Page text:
Growth

The overall growth of the regenerating arms of A. mediterranea was significantly affected by PCBs, 4-NP and TPT-Cl exposure in comparison with control animals (Candia Carnevali et al. 2001a,b; 2003; Barbaglio et al. 2004). However, contrasting results were obtained for the three classes of chemicals: in fact, some compounds accelerated the regenerative growth, whereas others appreciably inhibited the regrowth process. As far as PCB exposure is concerned, if during the early regenerative phase (72 h post-amputation) the exposed samples did not show significant anomalies in terms of growth and development, at the advanced regenerative phase (1-2 weeks post-amputation) an unusual accelerated growth was clearly evident in all the exposed arms in comparison with the growth of the standard regenerating arms at the same stages (Fig. 4a,b,e,f). This involved the overall size of the regenerating arm, which appeared much more developed, and the differentiation of its anatomical structures, external or internal, such as the lateral pinnules and the brachial skeletal components (ossicles). In contrast, 4-NP appeared to cause an appreciable delay in the overall growth of the regenerating blastema observable with all the exposure concentration tested (Fig. 4a,d,e,g). With regard to TPT-Cl-exposed samples, a clear effect in terms of enhanced growth, even though less marked than that of PCB samples, could be also detected (Fig. 4a,c,e,h). A quantitative analysis carried out in parallel with the qualitative morphological analysis on the measured lengths of all the experimental regenerates, in both exposed and control samples, showed that in terms of average overall sizes of the regenerating arms, a clear correlation between growth and exposure could be observed for all the test compounds: the differences in the overall growth were particularly evident at 2-week postamputation; at this stage, which corresponded to a long-term exposure period, the exposed samples also displayed a remarkable variability in terms of overall growth if compared with the uniform standard size of the controls. Quantitative data showed that in PCB-exposed samples the growth increase was significant at both 1 week and 2 weeks post-amputation (Candia Carnevali et al. 2001a,b), whereas in TPT-Cl-exposed samples a significant effect in terms of enhanced growth could be detected only at the advanced stage of 2 weeks and with the higher concentration employed (225 ng/l) (Barbaglio et al. 2004).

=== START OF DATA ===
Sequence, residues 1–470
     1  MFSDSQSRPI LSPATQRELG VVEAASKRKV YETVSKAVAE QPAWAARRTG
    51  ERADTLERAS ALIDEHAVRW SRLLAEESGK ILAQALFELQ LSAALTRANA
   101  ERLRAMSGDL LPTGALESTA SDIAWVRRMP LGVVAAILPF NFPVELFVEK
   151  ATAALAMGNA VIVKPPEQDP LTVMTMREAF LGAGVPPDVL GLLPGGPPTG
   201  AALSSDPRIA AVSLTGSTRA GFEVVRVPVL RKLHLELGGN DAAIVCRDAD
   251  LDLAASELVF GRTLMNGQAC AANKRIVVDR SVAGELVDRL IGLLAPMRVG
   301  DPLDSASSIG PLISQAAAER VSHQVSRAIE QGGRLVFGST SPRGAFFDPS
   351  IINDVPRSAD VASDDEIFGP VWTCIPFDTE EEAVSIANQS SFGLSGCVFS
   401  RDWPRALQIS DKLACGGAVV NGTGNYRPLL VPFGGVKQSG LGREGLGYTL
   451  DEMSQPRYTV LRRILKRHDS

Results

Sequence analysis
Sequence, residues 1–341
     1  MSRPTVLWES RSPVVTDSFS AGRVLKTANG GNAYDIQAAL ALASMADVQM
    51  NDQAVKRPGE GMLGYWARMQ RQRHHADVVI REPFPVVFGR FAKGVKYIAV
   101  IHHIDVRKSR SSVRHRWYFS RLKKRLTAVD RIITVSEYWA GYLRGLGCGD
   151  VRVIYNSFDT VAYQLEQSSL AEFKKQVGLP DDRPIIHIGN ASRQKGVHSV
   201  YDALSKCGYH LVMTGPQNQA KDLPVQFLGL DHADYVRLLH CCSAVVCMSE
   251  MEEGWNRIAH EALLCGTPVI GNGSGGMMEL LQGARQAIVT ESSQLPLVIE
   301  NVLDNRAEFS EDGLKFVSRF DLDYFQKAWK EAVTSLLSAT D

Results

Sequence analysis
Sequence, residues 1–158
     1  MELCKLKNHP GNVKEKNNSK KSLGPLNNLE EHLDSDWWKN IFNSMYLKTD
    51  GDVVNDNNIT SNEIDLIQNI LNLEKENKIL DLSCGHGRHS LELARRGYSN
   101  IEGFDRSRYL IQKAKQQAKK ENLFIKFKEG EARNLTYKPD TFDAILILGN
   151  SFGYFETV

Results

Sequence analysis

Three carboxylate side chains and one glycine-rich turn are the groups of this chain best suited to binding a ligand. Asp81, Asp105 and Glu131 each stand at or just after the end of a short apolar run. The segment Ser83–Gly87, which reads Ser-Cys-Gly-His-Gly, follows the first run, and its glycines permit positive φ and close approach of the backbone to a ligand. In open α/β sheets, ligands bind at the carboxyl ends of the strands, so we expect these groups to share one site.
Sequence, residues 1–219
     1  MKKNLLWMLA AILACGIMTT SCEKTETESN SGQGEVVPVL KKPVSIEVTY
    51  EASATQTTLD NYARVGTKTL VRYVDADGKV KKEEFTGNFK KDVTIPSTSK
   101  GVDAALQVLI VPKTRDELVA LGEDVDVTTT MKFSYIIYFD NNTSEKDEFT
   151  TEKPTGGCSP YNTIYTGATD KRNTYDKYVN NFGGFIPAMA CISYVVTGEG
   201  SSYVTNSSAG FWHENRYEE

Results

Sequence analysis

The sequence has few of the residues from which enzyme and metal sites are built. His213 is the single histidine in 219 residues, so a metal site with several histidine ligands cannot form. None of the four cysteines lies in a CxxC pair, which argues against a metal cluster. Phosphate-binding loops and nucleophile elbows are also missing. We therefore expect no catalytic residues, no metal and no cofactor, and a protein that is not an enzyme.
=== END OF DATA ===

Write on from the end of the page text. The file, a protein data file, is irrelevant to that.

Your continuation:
Fig. 4a-h. Whole mount stereomicroscopic views of control and exposed regenerating arms of Antedon mediterranea at different stages. Exposure concentrations: PCB: 14 ng/l; 4-NP: 2 |g/l; TPT-Cl: 100 or 225 ng/l. a-d 1 week pa (post-amputation): a control sample; b PCB-exposed sample; c TPT-Cl-exposed sample; d 4-NP-exposed sample. In the PCB-

exposed sample, abnormal growth of the regenerate and advanced development of its anatomical features are evident. In the TPT-Cl- and 4-NP-exposed samples, delayed and anomalous regrowth is evident. Arrow Brachial ossicles; double arrowheads pinnules. Insets show details of the respective regenerating arms from SEM. a and b, bars 240 |m; inset bars 100 |m. e-h Regenerating arms at 2 weeks pa: e control sample; f PCB-exposed sample; g 4-NP-exposed sample; h TPT-Cl-exposed sample. Growth of the PCB-exposed sample is more pronounced than in the controls, whereas that of the 4-NP and TPT-Cl samples is markedly delayed. In addition, 4-NP and TPT-Cl samples show evident malformations. This can be appreciated in terms of both overall size and shape of the regenerate and differentiation of anatomical structures. Bars 240 |m (e, g and h); 250 |m (f)

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